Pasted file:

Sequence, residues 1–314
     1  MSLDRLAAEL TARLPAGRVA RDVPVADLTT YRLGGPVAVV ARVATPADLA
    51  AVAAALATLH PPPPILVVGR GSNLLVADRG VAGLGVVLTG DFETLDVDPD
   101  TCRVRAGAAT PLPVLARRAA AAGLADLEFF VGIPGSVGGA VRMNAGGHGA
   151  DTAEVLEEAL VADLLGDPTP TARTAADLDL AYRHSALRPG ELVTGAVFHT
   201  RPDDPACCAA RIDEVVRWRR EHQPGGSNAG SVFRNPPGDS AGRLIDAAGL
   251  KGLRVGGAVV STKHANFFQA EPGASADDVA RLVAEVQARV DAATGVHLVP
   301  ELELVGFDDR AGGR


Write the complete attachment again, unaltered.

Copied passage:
Sequence, residues 1–314
     1  MSLDRLAAEL TARLPAGRVA RDVPVADLTT YRLGGPVAVV ARVATPADLA
    51  AVAAALATLH PPPPILVVGR GSNLLVADRG VAGLGVVLTG DFETLDVDPD
   101  TCRVRAGAAT PLPVLARRAA AAGLADLEFF VGIPGSVGGA VRMNAGGHGA
   151  DTAEVLEEAL VADLLGDPTP TARTAADLDL AYRHSALRPG ELVTGAVFHT
   201  RPDDPACCAA RIDEVVRWRR EHQPGGSNAG SVFRNPPGDS AGRLIDAAGL
   251  KGLRVGGAVV STKHANFFQA EPGASADDVA RLVAEVQARV DAATGVHLVP
   301  ELELVGFDDR AGGR